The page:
A new study from China’s Wuyishan Municipal Hospital reconfirms the benefits of regular tea drinking on preventing hardening of the arteries. Arterial stiffening can reduce lifespan and increase risk of cardiovascular diseases like heart failure and stroke.
The study, “A Cross-sectional Study of the Relationship between Habitual Tea Consumption and Arterial Stiffness,” was led by cardiologist Qing-fei Lin and published in the Journal of the American College of Nutrition.
More than 6,500 men and women ages 40-75 in the Fujian Province were studied. They were divided into four groups – those who consumed tea regularly for 10 or more years, 6-10 years, and 1-5 years and those who did not drink tea regularly. “Regular consumption” was defined as those drinking one or more cups a day for at least 12 months.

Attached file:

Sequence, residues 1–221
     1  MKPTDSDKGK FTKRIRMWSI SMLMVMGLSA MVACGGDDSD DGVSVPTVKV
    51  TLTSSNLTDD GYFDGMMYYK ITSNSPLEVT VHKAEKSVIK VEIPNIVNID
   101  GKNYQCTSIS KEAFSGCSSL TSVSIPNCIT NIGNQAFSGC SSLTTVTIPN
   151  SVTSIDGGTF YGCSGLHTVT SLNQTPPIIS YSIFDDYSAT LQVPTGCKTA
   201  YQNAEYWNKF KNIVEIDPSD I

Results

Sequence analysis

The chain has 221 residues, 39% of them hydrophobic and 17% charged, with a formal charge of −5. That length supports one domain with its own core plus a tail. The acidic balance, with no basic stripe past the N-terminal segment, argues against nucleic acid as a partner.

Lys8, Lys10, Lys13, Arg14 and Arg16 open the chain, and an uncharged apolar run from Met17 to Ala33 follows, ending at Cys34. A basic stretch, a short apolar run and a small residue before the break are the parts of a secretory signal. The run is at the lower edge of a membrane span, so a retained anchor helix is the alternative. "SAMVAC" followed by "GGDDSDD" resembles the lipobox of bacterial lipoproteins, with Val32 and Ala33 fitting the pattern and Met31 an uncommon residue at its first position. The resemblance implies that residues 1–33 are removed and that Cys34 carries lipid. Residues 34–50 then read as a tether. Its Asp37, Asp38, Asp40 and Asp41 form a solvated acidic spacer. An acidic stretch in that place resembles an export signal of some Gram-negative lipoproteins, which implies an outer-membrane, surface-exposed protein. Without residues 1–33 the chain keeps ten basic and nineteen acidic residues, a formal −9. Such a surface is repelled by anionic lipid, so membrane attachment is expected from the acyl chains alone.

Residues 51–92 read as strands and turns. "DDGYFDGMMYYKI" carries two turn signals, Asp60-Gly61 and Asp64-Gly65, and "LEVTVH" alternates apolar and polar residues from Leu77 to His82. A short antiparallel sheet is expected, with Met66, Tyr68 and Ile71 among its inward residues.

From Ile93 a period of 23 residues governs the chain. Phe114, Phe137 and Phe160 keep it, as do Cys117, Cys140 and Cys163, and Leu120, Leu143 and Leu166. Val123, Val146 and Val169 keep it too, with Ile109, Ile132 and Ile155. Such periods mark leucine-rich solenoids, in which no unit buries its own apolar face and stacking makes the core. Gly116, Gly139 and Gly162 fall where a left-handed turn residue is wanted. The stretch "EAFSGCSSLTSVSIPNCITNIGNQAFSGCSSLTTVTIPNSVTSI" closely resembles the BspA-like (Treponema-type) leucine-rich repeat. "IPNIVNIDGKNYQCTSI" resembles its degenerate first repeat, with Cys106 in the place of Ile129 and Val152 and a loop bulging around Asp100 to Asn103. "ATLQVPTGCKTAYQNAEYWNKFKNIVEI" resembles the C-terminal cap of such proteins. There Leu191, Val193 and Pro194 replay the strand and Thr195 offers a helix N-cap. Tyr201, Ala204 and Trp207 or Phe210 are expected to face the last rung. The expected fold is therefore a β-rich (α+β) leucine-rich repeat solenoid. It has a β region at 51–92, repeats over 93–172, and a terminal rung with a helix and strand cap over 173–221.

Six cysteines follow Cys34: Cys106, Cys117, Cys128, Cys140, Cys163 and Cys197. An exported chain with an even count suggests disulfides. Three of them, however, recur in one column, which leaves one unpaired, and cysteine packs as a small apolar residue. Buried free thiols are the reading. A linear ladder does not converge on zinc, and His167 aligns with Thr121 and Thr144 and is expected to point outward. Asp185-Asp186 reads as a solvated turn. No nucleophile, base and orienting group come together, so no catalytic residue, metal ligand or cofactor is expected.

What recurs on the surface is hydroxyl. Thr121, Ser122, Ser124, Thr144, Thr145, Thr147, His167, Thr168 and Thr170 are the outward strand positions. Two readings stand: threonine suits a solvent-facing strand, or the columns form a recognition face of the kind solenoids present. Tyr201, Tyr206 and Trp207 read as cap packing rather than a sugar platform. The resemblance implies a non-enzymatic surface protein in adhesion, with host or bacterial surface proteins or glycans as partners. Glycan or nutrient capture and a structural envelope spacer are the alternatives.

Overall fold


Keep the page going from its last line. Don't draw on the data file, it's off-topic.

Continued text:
Tea drinking was measured by self-reported survey. Brachial-ankle pulse wave velocity (ba-PWV) was measured which determines arterial stiffness in the aorta and in the peripheral artery of the heart. Those that drank tea regularly for 6+ years had less thickening of artery walls and greater elasticity in the arteries. Stiffening was lowest among those consuming habitually for 10+ years. Those that drank 10 or more grams of tea daily had the best benefit.
The effect of the tea may be related to a chemical reaction in the endothelial cells of the artery that is triggered by catechins. Catechins may release nitrous oxide, making the arteries more flexible.
While the study had its limitations, such as only including people from a small geographic region and relying on self-reporting for consumption, the results are in line with previous studies on tea and heart health.